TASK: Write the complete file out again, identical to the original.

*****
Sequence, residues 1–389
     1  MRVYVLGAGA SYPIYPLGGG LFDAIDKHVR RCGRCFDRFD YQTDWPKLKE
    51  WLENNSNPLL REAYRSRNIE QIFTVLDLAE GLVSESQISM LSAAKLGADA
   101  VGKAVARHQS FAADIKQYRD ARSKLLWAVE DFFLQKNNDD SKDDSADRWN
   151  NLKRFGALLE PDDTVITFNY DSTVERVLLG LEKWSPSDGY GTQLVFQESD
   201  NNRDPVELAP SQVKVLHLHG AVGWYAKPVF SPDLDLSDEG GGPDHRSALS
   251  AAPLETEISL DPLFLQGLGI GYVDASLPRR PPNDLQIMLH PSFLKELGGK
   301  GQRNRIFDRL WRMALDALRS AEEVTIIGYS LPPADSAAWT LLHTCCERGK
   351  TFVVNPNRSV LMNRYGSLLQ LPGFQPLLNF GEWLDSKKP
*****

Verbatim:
Sequence, residues 1–389
     1  MRVYVLGAGA SYPIYPLGGG LFDAIDKHVR RCGRCFDRFD YQTDWPKLKE
    51  WLENNSNPLL REAYRSRNIE QIFTVLDLAE GLVSESQISM LSAAKLGADA
   101  VGKAVARHQS FAADIKQYRD ARSKLLWAVE DFFLQKNNDD SKDDSADRWN
   151  NLKRFGALLE PDDTVITFNY DSTVERVLLG LEKWSPSDGY GTQLVFQESD
   201  NNRDPVELAP SQVKVLHLHG AVGWYAKPVF SPDLDLSDEG GGPDHRSALS
   251  AAPLETEISL DPLFLQGLGI GYVDASLPRR PPNDLQIMLH PSFLKELGGK
   301  GQRNRIFDRL WRMALDALRS AEEVTIIGYS LPPADSAAWT LLHTCCERGK
   351  TFVVNPNRSV LMNRYGSLLQ LPGFQPLLNF GEWLDSKKP